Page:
nep-com New Economics Papers
on Industrial Competition
Issue of 2019‒06‒10
eleven papers chosen by
Russell Pittman
United States Department of Justice

  1. Media See-saws: Winners and Losers in Platform Markets By Simon P. Anderson; Martin Peitz
  2. The new media economics of video-on-demand markets: Lessons for competition policy (updated version) By Budzinski, Oliver; Lindstädt-Dreusicke, Nadine
  3. Biased managers in a vertical structure By Nicola Meccheri
  4. Search and equilibrium prices: Theory and evidence from retail diesel By Cabral, Luís M. B.; Schober, Dominik; Woll, Oliver
  5. Testing for collusion in bus contracting in London By Waterson, Michael; Xie, Jian
  6. Competition between offline and online retailers with heterogeneous customers By Stefano Colombo; Noriaki Matsushima
  7. Essays in corporate finance, political economy, and competition By Neretina, Ekaterina
  8. Collective Entry Deterrence and Free Riding: Airbus and Boeing in China By Patrice Cassagnard; Pierre Regibeau
  9. Heterogeneity in demand and optimal price conditioning for local rail transport By Evgeniy M. Ozhegov; Alina Ozhegova
  10. Promise, Trust and Betrayal: Costs of Breaching an Implicit Contract By Daniel Levy; Andrew T. Young
  11. Competition, Asymmetric Information, and the Annuity Puzzle: Evidence from a Government-Run Exchange in Chile By Gaston Illanes; Manisha Padi

  1. By: Simon P. Anderson; Martin Peitz
    Abstract: We customize the aggregative game approach to oligopoly to study media platforms which may differ by popularity. Advertiser, platform, and consumer surplus are tied together by a simple summary statistic. When media are ad-financed and ads are a nuisance to consumers we establish see-saws between consumers and advertisers. Entry increases consumer surplus, but decreases advertiser surplus if industry platform profits decrease with entry. Merger decreases consumer surplus, but advertiser surplus tends to increase. By contrast, when platforms use two-sided pricing or consumers like advertising, advertiser and consumer interests are often aligned.
    Keywords: media economics, mergers, entry, advertising, aggregative games
    JEL: D43 L13
    Date: 2019–05
  2. By: Budzinski, Oliver; Lindstädt-Dreusicke, Nadine
    Abstract: The markets for audiovisual content are subject to dynamic change. Where once "traditional" (free-to-air, cable, satellite) television was dominating, i.e. linear audiovisual media services, markets display nowadays strong growth of different types of video-on-demand (VoD), i.e. nonlinear audiovisual media services, including both Paid-for VoD like Amazon Prime and Netflix and Advertised-financed VoD like YouTube. Competition policy decisions in such dynamic markets are always particularly challenging. The German competition authority was presented such a challenge when, at the beginning of the 2010s, German television providers sought to enter online VoD markets with the help of cooperative platforms. We review the antitrust concerns that were raised back then in an ex post analysis. In doing so, we first discuss the dynamic development of the German VoD markets during the last decade. In the second part of this paper, we derive four aspects, in which the previous antitrust analysis cannot be upheld from today's perspective. First, relevant implications of modern platform economics were neglected. Second, some inconsistencies in the assessment of the two projects appear to be inappropriate. Third, the emerging competitive pressure of international VoD providers was strongly underestimated. Fourth, the question of market power in online advertising markets looks very different at the end of the decade.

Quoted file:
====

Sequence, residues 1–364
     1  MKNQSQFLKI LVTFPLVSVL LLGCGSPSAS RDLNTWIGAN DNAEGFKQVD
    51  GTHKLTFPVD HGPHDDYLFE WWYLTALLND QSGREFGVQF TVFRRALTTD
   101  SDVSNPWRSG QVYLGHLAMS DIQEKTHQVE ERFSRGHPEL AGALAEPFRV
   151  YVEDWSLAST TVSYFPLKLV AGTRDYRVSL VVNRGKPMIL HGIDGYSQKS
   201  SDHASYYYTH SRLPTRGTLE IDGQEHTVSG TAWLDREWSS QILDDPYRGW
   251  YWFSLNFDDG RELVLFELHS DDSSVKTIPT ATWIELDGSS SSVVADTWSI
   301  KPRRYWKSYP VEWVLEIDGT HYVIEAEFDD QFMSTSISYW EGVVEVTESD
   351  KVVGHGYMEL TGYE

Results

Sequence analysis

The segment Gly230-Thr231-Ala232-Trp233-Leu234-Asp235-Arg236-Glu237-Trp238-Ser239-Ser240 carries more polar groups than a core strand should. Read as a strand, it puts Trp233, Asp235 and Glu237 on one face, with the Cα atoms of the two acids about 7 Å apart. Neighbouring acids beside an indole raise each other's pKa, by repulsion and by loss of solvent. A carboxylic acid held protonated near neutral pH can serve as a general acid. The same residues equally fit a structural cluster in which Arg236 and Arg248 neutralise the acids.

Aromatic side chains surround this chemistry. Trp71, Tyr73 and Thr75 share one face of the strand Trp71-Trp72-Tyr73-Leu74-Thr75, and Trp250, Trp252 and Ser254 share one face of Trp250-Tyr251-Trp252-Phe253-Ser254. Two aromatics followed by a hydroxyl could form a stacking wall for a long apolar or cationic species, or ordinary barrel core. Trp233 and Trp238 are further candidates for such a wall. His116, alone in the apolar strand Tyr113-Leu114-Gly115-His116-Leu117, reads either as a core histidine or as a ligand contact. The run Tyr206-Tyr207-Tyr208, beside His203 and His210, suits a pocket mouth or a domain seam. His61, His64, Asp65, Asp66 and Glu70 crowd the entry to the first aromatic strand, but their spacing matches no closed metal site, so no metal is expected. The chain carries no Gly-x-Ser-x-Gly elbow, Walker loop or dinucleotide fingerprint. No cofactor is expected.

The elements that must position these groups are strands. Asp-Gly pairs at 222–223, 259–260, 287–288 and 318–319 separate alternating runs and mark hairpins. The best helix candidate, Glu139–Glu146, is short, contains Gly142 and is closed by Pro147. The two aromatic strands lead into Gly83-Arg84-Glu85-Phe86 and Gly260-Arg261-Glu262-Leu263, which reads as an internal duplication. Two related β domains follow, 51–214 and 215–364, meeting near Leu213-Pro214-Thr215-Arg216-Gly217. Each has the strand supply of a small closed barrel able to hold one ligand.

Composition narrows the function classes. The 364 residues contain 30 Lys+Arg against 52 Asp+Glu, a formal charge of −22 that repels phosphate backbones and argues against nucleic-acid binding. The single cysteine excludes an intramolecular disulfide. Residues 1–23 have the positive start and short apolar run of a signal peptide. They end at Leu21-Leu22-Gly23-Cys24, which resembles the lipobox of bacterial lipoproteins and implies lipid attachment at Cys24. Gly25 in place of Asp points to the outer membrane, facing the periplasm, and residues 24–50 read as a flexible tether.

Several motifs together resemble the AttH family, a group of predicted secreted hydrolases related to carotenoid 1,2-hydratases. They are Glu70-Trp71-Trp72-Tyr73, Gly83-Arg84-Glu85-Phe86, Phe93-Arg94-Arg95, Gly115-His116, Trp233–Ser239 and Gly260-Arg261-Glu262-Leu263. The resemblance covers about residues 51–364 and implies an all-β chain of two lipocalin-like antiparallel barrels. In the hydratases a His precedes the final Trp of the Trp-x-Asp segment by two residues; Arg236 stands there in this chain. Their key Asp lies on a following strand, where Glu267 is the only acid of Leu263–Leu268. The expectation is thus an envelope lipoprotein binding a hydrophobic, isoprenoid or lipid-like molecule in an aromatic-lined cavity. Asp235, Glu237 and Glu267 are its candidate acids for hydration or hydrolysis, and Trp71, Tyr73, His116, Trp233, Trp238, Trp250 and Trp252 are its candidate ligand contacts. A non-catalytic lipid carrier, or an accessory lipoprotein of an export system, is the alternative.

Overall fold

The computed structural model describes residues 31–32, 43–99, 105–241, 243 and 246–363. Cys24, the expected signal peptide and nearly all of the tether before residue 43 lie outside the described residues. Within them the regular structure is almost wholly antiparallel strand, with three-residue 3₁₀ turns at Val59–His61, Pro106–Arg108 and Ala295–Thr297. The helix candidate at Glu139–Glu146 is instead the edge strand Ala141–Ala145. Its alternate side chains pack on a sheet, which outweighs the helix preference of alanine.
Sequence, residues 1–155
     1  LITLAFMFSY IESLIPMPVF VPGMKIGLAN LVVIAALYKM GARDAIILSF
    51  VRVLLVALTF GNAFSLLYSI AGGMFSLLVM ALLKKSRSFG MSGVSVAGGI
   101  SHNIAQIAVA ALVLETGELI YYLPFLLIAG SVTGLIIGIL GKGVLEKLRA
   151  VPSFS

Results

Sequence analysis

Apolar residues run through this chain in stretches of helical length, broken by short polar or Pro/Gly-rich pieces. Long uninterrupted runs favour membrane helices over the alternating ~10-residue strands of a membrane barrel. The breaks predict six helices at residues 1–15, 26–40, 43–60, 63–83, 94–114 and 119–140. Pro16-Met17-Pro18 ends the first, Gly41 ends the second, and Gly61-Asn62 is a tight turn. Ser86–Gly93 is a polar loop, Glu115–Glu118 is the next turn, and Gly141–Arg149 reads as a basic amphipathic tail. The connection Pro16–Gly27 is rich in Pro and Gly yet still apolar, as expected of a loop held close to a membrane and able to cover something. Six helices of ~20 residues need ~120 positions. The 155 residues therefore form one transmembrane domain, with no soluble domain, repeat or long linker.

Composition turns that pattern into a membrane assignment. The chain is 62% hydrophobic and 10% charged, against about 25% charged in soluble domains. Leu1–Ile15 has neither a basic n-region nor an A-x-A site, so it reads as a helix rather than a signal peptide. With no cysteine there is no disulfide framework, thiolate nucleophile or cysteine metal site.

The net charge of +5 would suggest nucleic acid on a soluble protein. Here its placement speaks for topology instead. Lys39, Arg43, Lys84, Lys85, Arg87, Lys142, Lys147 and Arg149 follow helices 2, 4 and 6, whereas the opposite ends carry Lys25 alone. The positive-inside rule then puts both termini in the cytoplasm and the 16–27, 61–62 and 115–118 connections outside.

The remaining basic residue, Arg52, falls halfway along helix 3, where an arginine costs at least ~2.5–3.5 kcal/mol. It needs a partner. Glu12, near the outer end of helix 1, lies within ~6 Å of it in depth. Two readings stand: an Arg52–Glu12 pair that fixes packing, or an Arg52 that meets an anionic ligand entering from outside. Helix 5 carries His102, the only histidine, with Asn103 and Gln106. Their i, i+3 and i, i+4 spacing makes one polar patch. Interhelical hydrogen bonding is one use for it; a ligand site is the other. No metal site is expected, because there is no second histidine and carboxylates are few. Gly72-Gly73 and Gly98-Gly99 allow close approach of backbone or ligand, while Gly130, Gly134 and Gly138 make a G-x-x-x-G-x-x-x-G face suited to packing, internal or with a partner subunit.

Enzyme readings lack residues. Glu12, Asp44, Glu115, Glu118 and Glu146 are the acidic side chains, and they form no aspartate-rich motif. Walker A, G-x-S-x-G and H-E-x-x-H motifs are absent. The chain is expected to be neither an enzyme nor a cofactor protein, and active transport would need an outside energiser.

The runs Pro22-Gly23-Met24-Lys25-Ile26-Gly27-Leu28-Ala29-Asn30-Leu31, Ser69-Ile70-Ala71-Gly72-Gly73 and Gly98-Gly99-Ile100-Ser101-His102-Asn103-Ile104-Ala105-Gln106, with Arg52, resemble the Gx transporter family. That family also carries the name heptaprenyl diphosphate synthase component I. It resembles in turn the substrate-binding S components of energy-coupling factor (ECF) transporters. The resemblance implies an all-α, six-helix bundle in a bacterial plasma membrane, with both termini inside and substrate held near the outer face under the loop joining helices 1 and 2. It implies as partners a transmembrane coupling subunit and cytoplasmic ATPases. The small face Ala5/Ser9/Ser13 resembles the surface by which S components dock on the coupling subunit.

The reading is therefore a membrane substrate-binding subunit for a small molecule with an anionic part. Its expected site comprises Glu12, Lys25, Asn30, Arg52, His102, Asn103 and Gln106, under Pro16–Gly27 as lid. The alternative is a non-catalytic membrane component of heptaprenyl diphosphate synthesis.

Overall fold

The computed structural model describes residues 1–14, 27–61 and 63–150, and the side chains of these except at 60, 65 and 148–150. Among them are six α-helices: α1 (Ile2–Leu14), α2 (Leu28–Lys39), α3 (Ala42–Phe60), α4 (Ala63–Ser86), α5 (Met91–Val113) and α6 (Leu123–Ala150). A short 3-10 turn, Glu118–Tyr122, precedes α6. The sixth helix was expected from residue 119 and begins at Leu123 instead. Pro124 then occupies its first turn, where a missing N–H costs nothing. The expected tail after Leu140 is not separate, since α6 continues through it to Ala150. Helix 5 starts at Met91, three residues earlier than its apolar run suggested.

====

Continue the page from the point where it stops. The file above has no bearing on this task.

Keywords: video-on-demand,media economics,two-sided markets,competition,platform economics,commercial television,public service broadcasters,antitrust policy,YouTube,Amazon,Netflix
    JEL: L40 L82 K21 L13 D40
    Date: 2019
  3. By: Nicola Meccheri (Department of Economics and Management, University of Pisa, Italy; Rimini Centre for Economic Analysis)
    Abstract: This paper analyses the choice of managers' types in a vertical structure with a common input supplier. Depending on the degree of product differentiation, the choice of either an overconfident or an underconfident manager can arise whatever the downstream competition mode. Moreover, when competition is in quantities, the well-known prisoner’s dilemma result of strategic delegation does not apply when owners optimally delegate to underconfident managers. Instead, under price competition, a prisoner’s dilemma applies but only when the strategic decision is optimally delegated to overconfident managers. Moreover, the standard result that firms choose to compete in quantities is preserved when the degree of product substitutability is high, but a novel outcome with multiple asymmetric equilibria arises when the degree of product differentiation is low.